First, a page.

Vermont's villages are facing serious challenges from big box stores, online retailers and rising rent bills. Vermont Edition looks at how downtown businesses around the state are changing to meet those demands.

CatLane / istock

Why do we have daylight saving time? And why are days longer in summer and shorter in winter?

Daylight saving time is really just a trick. At least, so says Michael Downing, author of Spring Forward: The Annual Madness of Daylight Saving Time. He's our guest in this episode and he explains the reasons behind this semi-annual ritual of moving the clocks forward and back.

piles of cardboard box recycling
danielvfung / iStock

Recyclable materials are one of the US's major exports. And a lot of our "stuff" goes to China. Recent policy changes coming out of Beijing are aimed at restricting what material comes from the United States. That's having a major effect on the US waste system.

Sarah Reeves, general manager at the Chittenden Solid Waste District, tells Vermont Edition how these Chinese policy changes are going to be felt in Vermont and why it's important to be vigilant about following recycling guidelines.

New Hampshire Senator Jeanne Shaheen, shown speaking on Capitol Hill in Washington, joins "Vermont Edition" to discuss key issues facing the Senate.
Manuel Balce Ceneta / Associated Press

New Hampshire Sen. Jeanne Shaheen discusses some of the top issues facing the Senate, including health care, North Korea, the Republican tax plan and protecting domestic violence victims.

Headshot of composer and arranger Robert De Cormier
File / VPR

Robert De Cormier has been revered for his work as a composer, musician and prolific arranger of choral music. He passed away Tuesday at the age of 95.

A daytime rendering of the new Champlain bridge that is currently under construction. "Montreal Gazette" reporter Jason Magder spoke to "Vermont Edition" to update on the bridge's progress.
Infrastructure Canada, Courtesy

A massive new bridge is rising over the St. Lawrence River this side of Montreal. Construction on the new Champlain Bridge began almost two years ago, and when finished, the bridge will accommodate six lanes of traffic, a commuter rail system and a bike path.

But whether the bridge will be finished by a December 2018 deadline is the subject of some concern by both the builders and government officials.

Creative Commons / Pexels

powerful wind storm raked Vermont a week ago, reminding many just how vulnerable the state's electric grid can be to severe weather. As climate change models forecast more unpredictable weather in the future, are Vermont utilities ready for the challenges of climate change?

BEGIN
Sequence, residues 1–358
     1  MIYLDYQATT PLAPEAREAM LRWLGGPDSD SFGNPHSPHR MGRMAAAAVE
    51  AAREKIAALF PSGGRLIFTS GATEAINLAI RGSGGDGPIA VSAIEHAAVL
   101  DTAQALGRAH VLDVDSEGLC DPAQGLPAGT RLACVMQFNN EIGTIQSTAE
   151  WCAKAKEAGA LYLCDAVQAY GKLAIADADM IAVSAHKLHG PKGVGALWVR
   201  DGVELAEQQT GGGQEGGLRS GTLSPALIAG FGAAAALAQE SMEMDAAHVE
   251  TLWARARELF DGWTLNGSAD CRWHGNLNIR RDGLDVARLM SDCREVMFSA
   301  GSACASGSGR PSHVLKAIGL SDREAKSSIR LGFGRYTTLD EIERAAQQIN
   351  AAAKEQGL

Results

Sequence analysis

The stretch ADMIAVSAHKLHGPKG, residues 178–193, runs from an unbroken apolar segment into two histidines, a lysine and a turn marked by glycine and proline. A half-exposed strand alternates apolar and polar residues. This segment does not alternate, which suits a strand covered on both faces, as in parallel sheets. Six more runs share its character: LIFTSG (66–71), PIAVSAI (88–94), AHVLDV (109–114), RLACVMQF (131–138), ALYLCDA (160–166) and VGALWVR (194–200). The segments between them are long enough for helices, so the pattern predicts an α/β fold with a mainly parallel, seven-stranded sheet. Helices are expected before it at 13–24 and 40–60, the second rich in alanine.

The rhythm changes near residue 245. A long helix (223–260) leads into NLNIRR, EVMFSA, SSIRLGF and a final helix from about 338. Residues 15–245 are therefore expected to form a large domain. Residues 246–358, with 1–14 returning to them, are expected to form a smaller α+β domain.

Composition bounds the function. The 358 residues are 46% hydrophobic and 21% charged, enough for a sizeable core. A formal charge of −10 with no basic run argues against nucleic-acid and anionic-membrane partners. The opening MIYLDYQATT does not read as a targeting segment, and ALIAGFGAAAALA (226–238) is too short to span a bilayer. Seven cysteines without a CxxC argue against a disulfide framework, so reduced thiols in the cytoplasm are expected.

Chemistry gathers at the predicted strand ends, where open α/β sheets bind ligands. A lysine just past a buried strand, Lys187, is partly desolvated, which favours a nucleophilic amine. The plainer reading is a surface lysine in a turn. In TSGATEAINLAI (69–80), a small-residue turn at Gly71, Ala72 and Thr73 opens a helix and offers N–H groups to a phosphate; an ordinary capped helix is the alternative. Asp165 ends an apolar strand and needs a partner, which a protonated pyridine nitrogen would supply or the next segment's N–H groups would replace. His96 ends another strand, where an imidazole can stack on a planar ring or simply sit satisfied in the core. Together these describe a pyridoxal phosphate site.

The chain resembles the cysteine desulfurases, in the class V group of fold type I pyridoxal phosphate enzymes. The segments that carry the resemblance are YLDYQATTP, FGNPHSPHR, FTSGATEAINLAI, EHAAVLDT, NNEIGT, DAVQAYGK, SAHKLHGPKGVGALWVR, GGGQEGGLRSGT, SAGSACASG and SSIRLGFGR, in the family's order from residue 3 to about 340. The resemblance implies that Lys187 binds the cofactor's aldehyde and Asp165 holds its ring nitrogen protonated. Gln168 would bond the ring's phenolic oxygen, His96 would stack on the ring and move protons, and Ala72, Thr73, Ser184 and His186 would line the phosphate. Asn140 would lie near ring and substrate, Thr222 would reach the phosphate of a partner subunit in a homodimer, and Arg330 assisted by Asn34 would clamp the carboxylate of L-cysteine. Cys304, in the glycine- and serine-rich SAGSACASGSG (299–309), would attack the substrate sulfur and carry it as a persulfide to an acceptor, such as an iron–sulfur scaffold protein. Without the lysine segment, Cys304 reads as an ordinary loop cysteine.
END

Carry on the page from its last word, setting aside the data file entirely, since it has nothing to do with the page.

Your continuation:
Hemp plants at Green Mountain CBD's farm in Hardwick, taken earlier this year.
Jon Kalish / For VPR

Growing hemp became legal in Vermont in 2013 and today more than 90 people are registered to grow it here. Vermont Edition looks at the differences between hemp, CBD (Cannabidiol) and marijuana, and where these industries and products are in Vermont today.

Baker and author Martin Philip, head baker at King Arthur Flour in Norwich, has written a book that's part memoir and part cook book. It shares what he calls 75 recipes of "a baker's journey home."
Julia Reed / Harper Wave, an imprint of HarperCollins

Before he became head baker at King Arthur Flour in Norwich, Martin Philip trained as an opera singer and worked for an investment bank in New York City. Now the baker and author is sharing his expertise and answering questions for aspiring bakers.

NPR continues to face scrutiny over its handling of allegations against news chief Mike Oreskes. Speaking today on Vermont Edition, All Things Considered host Robert Siegel said he was aware of rumors about Oreskes' behavior at NPR.

Robert Siegel spent more than 40 years working in radio news, and has reported from across the country and around the globe. Senior host of NPR's All Things Considered since 1987, he'll be stepping away from the mic in January 2018.
Stephen Voss / NPR

Robert Siegel, senior host of NPR's All Things Considered, is speaking to the Vermont Humanities Council this week, reflecting on more than four decades working in radio newsrooms. It's an apt time for reflection for the seasoned host, as he prepares to step away from the mic and retire in January 2018.